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RE: First photograph of an exo planet
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Half of the stars in our galaxy have a stellar companion. And yet, of the 130 or so currently known exoplanets (none of which are Earth-like), only about 20 of them are around so-called binaries.
The percentage may grow higher.
The current ratio is affected by an observational bias: planet hunters tend to avoid binaries because the star-star interactions can hide the planet signatures.
Scientists discussed the issue earlier this month at a gathering of exoplanet hunters at the Space Telescope Science Institute in Baltimore.
"A few years ago, it was thought that [binaries] were a very bad site to search for planets. So we carefully eliminated all binary stars from our sample." - Michel Mayor of the Observatoire de Geneve.
But planets may be just as likely around binaries as around single stars. Recent numerical simulations have shown that Earth-like planets, known as terrestrials, form readily in double star systems.
"The most significant thing we found is that terrestrial planets around certain close and wide binaries can look similar to planets around a single star." - Jack Lissauer of the NASA Ames Research Centre.
Wide binaries are those in which the two stars are separated by several astronomical units (AU), which is the distance between the Sun and the Earth. Planets could orbit around one of the pair, or each separately. So far, all the stellar binaries with exoplanets are wide binaries.
But close binaries, where the stars are less than about an AU apart, can potentially have planets in orbit around both stars. These planets, however, will be much harder to detect.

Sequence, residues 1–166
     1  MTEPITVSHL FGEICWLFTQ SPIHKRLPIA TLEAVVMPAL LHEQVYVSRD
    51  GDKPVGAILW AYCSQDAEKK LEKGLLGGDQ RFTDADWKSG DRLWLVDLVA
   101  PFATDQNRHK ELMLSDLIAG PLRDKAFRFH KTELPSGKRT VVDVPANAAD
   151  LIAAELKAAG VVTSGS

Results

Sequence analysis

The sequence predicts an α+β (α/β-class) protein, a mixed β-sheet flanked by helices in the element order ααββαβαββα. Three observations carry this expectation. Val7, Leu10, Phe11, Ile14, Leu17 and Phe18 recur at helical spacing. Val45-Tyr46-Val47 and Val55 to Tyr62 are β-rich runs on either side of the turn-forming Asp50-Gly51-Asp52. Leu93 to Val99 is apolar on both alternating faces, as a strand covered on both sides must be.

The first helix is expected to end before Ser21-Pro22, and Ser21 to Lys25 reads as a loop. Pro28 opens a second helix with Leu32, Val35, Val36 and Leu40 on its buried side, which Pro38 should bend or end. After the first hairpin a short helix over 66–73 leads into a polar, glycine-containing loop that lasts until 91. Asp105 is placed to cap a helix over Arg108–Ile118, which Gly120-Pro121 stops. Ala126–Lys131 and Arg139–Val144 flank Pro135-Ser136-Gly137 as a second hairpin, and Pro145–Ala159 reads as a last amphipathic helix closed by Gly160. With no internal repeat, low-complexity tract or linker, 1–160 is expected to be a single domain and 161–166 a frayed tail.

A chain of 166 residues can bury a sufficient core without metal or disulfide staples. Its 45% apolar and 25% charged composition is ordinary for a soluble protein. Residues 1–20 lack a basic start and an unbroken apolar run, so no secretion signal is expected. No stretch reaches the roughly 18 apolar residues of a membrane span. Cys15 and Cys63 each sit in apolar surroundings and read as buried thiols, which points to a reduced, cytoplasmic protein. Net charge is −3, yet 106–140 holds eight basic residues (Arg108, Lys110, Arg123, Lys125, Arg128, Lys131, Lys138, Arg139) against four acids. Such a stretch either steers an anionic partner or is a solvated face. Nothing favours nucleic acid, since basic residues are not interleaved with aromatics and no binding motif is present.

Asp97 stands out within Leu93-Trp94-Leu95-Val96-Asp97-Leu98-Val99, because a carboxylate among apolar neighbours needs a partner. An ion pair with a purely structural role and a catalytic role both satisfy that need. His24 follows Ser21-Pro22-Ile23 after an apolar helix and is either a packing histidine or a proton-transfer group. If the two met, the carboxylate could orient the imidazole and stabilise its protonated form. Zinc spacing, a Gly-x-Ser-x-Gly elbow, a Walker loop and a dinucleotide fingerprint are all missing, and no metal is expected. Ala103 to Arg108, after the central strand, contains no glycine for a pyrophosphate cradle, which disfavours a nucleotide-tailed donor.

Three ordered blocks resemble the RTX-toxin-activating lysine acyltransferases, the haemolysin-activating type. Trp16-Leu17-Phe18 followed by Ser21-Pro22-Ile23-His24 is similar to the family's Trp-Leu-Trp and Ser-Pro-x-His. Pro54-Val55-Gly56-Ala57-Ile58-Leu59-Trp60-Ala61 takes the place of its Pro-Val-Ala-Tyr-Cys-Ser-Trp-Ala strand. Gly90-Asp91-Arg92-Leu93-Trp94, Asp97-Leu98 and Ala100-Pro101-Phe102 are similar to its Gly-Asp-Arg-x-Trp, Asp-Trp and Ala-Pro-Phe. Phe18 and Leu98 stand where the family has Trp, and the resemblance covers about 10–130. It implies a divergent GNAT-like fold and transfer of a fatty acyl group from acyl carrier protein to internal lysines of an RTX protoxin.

Lissauer and his collaborators have explored what binary star systems are favourable for planet formation. These limits could be useful in future planet searches.
The researchers used computer models that start with 14 large planet "embryos" and 140 smaller planetesimals in orbit around one star or both stars of a binary. Evolution of this material is influenced by gravity and collisions. The models are followed for the equivalent of about one billion years.
"All of our simulations have been able to form terrestrial planets." - Elisa Quintana, Ames researcher, who presented a poster on these results at the symposium.
But not all of the models produce planets around 1 AU, which is often thought to be the most likely habitable zone for life. Quintana varied how the two stars revolve around each other to see what configurations allowed for stable planet orbits inside 1 AU.
For wide binaries, Earth-like planets formed as long as the two stars came no closer than 7 AU. Quintana said that about 50 percent of known binaries meet this constraint.
The research group also ran simulations that mimicked Alpha Centauri – the nearest binary system to Earth, where the closest the two stars come is about 11 AU. The secondary star apparently acts like Jupiter does in our solar system – limiting how far out planets can form. The results showed several terrestrial planets were possible around either of the stars.
Planets have not yet been seen in the Alpha Centauri system, but small mass planets cannot yet be ruled out.
For close binaries, if the two stars are about 0.1 AU apart, the planets that form are indistinguishable from those seen in simulations with only one star. But as this separation increases, or the orbit becomes highly non-circular, it is harder for Earth-like planets to exist.
"Perturbations from the stellar motions can eject matter into space or into one of the stars." - Elisa Quintana.
The simulation results can inform observers which binaries might be better targets for their telescopes.
That said, it will not be easy to see a planet around a binary, especially those where the stars are close to each other. Most planets have been found by the radial velocity technique that searches for Doppler shifts in the light spectra of stars.
"Finding the wobble from a planet in a stellar spectrum is hard enough without having another star orbiting the one you are looking at." - Elisa Quintana.
An alternative way of detecting planets is to look for the eclipse, or transit, of a planet in front of a star. Lissauer said that transiting searches could potentially discover planets around close binaries, but "there are complications."